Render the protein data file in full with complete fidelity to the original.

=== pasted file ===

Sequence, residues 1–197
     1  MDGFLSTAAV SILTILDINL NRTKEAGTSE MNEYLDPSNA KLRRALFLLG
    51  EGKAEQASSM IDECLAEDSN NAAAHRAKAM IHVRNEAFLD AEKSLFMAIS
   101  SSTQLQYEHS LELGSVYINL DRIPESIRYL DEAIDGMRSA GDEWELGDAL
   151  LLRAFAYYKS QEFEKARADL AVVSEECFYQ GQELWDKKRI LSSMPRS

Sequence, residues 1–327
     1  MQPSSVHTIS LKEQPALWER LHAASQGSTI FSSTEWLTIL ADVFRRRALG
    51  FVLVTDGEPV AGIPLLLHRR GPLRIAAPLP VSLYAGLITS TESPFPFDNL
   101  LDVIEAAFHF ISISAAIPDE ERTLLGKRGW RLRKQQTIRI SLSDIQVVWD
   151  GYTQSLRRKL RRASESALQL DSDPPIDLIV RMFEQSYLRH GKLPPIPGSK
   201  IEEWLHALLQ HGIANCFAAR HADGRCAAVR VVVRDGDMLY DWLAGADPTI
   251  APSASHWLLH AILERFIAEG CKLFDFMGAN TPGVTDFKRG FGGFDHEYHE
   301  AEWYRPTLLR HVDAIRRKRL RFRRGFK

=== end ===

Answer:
Sequence, residues 1–197
     1  MDGFLSTAAV SILTILDINL NRTKEAGTSE MNEYLDPSNA KLRRALFLLG
    51  EGKAEQASSM IDECLAEDSN NAAAHRAKAM IHVRNEAFLD AEKSLFMAIS
   101  SSTQLQYEHS LELGSVYINL DRIPESIRYL DEAIDGMRSA GDEWELGDAL
   151  LLRAFAYYKS QEFEKARADL AVVSEECFYQ GQELWDKKRI LSSMPRS

Sequence, residues 1–327
     1  MQPSSVHTIS LKEQPALWER LHAASQGSTI FSSTEWLTIL ADVFRRRALG
    51  FVLVTDGEPV AGIPLLLHRR GPLRIAAPLP VSLYAGLITS TESPFPFDNL
   101  LDVIEAAFHF ISISAAIPDE ERTLLGKRGW RLRKQQTIRI SLSDIQVVWD
   151  GYTQSLRRKL RRASESALQL DSDPPIDLIV RMFEQSYLRH GKLPPIPGSK
   201  IEEWLHALLQ HGIANCFAAR HADGRCAAVR VVVRDGDMLY DWLAGADPTI
   251  APSASHWLLH AILERFIAEG CKLFDFMGAN TPGVTDFKRG FGGFDHEYHE
   301  AEWYRPTLLR HVDAIRRKRL RFRRGFK